Doug Johnstone was bandmaster for 17 years, and was recalled from The District Police Training Centre to take the position shortly after the amalgamation of Hampshire Constabulary. He had learnt his craft in the Royal Marines, and on a posting to France during the war, had heard 'The Marseillaise' played the French way, with much elaboration. As bandmaster of the band of the Hampshire Constabulary, playing at the Cenotaph in Southampton for the Bruneval Commemorative Festivities, he incorporated these frills into the band's rendition. At the end of the ceremony, a French woman exclaimed 'Monsieur Chef D'Orchestra, the way you play 'The Marseillaise' makes me cry'. This was taken to mean that it reminded her of her former home. Doug was a French speaker and was the first to take the band abroad. Over the years, many reciprocal visits have been made and international relationships established. Doug passed away in 2000.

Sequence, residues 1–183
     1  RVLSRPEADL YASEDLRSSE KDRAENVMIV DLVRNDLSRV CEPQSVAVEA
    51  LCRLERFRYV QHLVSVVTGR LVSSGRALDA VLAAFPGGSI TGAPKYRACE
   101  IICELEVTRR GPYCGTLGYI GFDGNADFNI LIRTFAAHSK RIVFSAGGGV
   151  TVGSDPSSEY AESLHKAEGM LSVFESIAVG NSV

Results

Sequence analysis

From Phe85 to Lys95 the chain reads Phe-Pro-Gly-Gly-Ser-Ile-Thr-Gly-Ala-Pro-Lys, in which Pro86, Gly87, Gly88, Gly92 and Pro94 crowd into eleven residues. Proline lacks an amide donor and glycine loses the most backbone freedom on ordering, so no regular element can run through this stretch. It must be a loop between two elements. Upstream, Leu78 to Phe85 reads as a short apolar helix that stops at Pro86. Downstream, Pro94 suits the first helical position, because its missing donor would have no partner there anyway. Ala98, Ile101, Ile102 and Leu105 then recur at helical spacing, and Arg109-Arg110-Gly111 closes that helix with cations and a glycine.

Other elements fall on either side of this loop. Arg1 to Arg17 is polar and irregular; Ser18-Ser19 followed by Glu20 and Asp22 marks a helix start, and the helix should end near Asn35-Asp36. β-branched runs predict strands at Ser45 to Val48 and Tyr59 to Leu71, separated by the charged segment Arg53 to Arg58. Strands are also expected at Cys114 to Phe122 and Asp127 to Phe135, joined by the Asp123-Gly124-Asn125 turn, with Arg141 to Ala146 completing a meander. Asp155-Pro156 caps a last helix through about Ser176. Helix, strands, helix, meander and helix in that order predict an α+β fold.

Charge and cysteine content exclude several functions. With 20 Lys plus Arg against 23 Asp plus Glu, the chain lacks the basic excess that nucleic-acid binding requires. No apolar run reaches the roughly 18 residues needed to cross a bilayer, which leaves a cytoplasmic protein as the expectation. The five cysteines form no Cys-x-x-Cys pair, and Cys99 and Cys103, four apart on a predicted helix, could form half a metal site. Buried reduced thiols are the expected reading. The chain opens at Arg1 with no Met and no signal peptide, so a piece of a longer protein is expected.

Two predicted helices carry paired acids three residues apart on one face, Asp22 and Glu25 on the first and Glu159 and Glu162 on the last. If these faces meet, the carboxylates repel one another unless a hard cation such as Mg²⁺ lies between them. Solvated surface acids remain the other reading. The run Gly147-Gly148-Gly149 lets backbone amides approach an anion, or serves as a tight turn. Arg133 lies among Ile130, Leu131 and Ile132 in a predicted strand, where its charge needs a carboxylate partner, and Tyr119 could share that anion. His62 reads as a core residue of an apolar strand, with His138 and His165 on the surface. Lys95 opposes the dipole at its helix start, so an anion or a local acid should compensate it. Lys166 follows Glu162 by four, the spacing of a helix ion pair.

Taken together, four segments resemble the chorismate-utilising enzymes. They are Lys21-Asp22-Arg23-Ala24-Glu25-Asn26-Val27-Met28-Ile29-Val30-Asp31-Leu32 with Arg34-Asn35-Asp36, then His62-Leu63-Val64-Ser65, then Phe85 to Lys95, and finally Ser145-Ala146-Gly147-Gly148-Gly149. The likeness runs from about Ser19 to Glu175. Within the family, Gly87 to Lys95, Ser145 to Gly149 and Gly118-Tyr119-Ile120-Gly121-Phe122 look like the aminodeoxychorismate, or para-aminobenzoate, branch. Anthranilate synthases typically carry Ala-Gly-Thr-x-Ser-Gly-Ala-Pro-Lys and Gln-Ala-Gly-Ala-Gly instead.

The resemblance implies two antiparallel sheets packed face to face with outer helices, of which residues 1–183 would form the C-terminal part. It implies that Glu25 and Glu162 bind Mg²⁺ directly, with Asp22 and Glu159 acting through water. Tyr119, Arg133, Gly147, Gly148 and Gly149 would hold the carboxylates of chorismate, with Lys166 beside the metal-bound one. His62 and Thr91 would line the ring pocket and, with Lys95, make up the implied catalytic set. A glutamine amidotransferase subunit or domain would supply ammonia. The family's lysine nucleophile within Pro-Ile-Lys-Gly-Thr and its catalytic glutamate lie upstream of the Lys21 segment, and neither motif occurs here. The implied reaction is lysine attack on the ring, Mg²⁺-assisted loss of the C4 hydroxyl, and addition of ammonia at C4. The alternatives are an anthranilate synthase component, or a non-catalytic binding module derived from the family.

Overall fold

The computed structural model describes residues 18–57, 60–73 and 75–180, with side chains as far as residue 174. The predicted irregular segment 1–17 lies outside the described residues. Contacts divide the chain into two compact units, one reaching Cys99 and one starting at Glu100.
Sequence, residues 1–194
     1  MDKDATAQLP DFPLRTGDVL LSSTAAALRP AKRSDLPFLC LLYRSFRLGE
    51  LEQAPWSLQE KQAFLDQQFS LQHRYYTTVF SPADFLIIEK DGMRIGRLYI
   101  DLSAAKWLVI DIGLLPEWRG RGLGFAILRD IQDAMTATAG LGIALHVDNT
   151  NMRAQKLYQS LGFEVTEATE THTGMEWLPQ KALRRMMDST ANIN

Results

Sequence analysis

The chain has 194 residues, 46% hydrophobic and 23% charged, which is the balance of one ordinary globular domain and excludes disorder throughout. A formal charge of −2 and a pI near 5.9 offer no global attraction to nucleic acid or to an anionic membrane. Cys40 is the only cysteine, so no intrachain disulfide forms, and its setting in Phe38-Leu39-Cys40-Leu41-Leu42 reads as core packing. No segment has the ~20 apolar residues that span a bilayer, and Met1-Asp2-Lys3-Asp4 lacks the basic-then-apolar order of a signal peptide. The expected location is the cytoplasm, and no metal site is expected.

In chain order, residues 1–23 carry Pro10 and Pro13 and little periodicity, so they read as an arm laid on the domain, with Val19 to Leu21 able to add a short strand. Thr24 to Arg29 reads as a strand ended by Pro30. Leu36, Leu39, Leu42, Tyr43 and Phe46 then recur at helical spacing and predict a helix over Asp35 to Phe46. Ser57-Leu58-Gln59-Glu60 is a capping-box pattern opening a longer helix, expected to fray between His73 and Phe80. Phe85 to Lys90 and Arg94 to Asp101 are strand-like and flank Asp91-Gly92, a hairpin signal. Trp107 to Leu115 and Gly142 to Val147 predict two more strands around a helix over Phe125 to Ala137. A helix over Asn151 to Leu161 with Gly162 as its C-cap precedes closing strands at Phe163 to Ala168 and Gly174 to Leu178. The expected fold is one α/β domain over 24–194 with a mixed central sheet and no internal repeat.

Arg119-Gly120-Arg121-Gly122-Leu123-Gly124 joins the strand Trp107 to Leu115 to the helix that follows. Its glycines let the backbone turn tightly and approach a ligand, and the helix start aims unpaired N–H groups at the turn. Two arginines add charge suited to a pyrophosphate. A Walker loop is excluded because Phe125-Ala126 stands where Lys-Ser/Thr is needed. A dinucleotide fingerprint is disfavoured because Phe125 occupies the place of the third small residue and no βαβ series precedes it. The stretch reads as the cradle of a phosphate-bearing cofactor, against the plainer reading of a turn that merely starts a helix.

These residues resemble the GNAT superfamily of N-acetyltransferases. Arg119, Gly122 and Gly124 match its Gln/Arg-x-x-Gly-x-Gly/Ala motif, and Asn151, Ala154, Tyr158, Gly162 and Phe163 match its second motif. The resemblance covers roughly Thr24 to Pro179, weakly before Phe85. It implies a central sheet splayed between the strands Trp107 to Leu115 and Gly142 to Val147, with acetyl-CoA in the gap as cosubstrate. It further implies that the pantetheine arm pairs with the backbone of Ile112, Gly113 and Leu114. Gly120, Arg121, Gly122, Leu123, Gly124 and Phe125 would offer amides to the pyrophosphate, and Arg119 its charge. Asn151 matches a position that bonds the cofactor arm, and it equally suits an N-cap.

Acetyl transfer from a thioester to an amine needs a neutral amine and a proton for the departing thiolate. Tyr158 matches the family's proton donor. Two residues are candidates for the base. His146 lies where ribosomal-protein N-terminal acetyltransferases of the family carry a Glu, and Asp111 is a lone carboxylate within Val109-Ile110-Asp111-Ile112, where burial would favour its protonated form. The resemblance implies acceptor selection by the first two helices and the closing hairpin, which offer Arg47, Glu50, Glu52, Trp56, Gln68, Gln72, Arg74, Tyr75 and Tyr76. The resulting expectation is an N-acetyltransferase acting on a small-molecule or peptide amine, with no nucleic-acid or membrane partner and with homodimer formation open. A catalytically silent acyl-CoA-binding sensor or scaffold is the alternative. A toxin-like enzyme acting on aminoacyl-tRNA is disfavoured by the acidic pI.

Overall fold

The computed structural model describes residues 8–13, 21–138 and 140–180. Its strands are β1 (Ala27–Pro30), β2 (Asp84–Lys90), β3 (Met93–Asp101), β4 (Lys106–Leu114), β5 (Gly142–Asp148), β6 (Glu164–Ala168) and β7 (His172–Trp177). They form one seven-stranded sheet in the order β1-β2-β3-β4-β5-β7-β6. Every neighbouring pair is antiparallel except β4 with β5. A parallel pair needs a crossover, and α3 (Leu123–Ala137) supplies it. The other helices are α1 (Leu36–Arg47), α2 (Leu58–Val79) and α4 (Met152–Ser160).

Percy Hankin joined the Rifle Brigade as a boy soldier. He attended Kneller Hall and trained there as a bandsman, becoming skilled in the clarinet, violin and piano. As a soldier he served, among other places, in Malta. At the age of 21 his mother bought him out of the Army and he joined the Police. During the war he was recalled to the colours but surprisingly did not rejoin the Army. He had developed an interest in aircraft and persuaded the powers that be to allow him to enlist in the RAF. There he became an officer cadet and subsequently a fighter pilot flying Spitfires. He was later posted to Canada and then America as a pilot instructor. Percy died in April 1977.